Strange as at first glance it may seem to suppose that the Massacre of St. Bartholomew was not due to Charles IX's will, though he gave the order for it and thought it was done as a result of that order; and strange as it may seem to suppose that the slaughter of eighty thousand men at Borodino was not due to Napoleon's will, though he ordered the commencement and conduct of the battle and thought it was done because he ordered it; strange as these suppositions appear, yet human dignity-- which tells me that each of us is, if not more at least not less a man than the great Napoleon--demands the acceptance of that solution of the question, and historic investigation abundantly confirms it.
It was well known to builders in the earliest historic times that certain limes would, when set, resist the action of water, i.e.
The Trinity is the essential Christian doctrine, the historic facts of the Christian religion being the embodiment of religious ideas.
It contains several historic relics, the most interesting being a bed adorned with embroidery worked by Mary Queen of Scots during her imprisonment in Lochleven Castle.
But let us assume that what is called science can harmonize all contradictions and possesses an unchanging standard of good and bad by which to try historic characters and events; let us say that Alexander could have done everything differently; let us say that with guidance from those who blame him and who profess to know the ultimate aim of the movement of humanity, he might have arranged matters according to the program his present accusers would have given him--of nationality, freedom, equality, and progress (these, I think, cover the ground).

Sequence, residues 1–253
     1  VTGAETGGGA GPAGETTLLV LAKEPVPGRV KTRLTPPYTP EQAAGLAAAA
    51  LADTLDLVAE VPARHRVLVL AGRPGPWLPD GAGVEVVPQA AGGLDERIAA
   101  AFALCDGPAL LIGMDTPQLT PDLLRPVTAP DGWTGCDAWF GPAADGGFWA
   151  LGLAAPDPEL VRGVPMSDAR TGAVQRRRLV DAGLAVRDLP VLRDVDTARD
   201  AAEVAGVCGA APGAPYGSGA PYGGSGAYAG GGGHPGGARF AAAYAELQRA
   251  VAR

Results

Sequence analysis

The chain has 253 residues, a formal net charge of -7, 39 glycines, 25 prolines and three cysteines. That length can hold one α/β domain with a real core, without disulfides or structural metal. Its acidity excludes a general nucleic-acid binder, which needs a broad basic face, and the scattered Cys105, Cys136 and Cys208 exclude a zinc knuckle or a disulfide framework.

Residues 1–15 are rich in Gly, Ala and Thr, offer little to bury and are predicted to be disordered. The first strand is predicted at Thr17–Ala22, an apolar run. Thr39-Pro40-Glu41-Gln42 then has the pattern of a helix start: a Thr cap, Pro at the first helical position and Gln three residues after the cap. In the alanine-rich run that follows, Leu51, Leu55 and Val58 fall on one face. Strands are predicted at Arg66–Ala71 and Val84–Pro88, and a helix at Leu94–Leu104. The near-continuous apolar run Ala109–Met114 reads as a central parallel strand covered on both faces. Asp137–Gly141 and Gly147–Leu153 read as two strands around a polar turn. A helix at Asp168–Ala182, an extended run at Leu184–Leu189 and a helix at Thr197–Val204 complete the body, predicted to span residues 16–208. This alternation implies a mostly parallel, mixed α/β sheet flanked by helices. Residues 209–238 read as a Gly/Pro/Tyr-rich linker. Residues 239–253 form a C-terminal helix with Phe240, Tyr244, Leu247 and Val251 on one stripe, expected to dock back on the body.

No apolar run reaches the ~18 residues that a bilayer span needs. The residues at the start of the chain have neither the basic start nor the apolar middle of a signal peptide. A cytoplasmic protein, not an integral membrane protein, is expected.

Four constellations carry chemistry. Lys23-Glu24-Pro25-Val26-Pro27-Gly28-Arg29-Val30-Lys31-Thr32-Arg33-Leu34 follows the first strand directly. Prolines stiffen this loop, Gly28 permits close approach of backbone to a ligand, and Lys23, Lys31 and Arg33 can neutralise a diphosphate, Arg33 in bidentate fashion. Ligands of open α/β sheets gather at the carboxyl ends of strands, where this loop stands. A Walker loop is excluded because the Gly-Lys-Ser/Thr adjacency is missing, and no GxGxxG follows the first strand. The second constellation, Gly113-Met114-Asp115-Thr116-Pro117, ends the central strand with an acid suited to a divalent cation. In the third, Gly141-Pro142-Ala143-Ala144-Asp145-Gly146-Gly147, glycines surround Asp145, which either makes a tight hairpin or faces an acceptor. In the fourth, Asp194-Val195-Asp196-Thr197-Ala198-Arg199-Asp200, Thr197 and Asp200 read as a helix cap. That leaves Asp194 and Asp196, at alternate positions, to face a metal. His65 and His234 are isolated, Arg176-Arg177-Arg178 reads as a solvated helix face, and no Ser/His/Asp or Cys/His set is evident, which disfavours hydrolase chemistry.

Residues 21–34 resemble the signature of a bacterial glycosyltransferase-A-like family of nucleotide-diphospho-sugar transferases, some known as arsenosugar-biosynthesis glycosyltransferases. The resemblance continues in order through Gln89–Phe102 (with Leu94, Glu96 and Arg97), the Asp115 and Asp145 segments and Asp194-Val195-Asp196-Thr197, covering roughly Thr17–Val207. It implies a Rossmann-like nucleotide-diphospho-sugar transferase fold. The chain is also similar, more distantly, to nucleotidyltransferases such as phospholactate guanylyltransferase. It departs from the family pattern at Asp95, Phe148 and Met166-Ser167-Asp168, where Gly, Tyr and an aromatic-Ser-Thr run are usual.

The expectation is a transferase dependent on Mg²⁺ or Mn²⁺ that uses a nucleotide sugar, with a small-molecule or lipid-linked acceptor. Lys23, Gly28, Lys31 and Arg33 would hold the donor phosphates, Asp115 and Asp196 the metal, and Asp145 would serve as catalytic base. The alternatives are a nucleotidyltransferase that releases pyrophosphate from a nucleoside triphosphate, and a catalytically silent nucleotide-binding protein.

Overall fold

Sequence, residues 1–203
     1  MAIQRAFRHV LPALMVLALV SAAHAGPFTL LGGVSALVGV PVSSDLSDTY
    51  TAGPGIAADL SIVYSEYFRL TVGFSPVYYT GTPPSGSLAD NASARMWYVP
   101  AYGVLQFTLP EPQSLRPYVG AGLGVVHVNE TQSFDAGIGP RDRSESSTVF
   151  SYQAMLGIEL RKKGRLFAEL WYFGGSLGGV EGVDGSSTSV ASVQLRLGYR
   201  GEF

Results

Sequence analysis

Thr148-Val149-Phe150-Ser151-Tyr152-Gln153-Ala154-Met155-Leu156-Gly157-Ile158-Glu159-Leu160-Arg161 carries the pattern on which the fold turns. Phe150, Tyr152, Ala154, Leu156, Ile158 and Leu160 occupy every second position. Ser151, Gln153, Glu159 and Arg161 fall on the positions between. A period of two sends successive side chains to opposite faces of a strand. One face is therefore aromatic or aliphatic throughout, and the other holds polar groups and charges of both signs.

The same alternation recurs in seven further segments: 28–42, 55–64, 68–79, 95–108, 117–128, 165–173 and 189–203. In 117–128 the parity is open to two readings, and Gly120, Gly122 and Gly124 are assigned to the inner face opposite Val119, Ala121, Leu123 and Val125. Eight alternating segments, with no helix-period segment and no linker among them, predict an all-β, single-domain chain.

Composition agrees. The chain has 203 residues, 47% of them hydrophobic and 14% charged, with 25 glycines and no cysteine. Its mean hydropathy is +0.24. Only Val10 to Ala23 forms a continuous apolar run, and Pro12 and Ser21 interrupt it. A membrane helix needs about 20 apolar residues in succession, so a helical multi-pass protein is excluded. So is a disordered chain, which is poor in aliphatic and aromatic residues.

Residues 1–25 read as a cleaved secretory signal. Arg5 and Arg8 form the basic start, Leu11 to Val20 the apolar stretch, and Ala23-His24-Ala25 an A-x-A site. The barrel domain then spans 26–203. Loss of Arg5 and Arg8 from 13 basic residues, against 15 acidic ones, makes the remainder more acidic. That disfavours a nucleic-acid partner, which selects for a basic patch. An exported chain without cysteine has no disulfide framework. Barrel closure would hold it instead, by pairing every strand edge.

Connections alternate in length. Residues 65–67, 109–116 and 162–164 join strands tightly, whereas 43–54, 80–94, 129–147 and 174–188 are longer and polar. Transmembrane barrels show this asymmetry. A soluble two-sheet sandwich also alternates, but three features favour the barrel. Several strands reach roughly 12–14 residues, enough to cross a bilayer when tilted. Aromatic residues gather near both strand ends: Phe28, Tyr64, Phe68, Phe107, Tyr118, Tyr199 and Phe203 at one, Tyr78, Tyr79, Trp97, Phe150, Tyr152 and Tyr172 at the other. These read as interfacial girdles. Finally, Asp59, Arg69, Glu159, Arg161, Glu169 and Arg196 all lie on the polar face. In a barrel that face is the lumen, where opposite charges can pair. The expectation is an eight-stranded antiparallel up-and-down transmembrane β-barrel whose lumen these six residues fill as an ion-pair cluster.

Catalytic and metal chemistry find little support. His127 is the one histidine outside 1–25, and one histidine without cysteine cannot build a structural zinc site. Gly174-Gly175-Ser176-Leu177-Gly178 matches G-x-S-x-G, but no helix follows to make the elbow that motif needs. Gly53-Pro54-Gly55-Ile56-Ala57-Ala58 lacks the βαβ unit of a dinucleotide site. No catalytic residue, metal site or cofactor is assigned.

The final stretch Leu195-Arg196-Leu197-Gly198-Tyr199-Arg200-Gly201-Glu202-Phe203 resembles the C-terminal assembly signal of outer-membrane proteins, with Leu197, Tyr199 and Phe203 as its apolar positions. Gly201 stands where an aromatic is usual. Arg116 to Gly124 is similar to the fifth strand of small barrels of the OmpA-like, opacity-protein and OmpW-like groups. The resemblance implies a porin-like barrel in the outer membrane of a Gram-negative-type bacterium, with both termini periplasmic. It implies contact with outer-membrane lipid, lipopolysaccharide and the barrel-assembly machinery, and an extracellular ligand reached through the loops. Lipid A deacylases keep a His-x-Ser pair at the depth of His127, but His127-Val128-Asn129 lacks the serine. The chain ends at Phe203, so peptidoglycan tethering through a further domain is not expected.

Kennedy, Historic Camden (Columbia, S.C., 1905).
In Laconia Aristodemus (or his twin sons) effected a rigid military occupation which eventually embraced the whole district, and permitted (a) the colonization of Melos, Thera and parts of Crete (before 800 B.C.), (b) the reconquest and annexation of Messenia (about 750 B.C.), (c) a settlement of half-breed Spartans at Tarentum in south Italy, 700 B.C. In Argos and other cities of Argolis the descendants of the Achaean chiefs were taken into political partnership, but a tradition of race-feud lasted till historic times.
Apparently the historic Calvia dinner transpired without bloodletting, or at least no mayhem was reported by Cynthia after her lengthy conversation ended.
Buildings destroyed by the Persians were built into it, possibly owing to haste, as in the case of the city walls, but more probably with the design of commemorating the great historic catastrophe, as the wall was visible from the Agora.
The Bushmen, a race of short yellowish-brown nomad hunters, inhabited, in the earliest times of which there is historic knowledge, the land adjoining the southern and eastern borders of the Kalahari desert, into which they were gradually being forced by the encroachment of the Hottentots and Bantu tribes.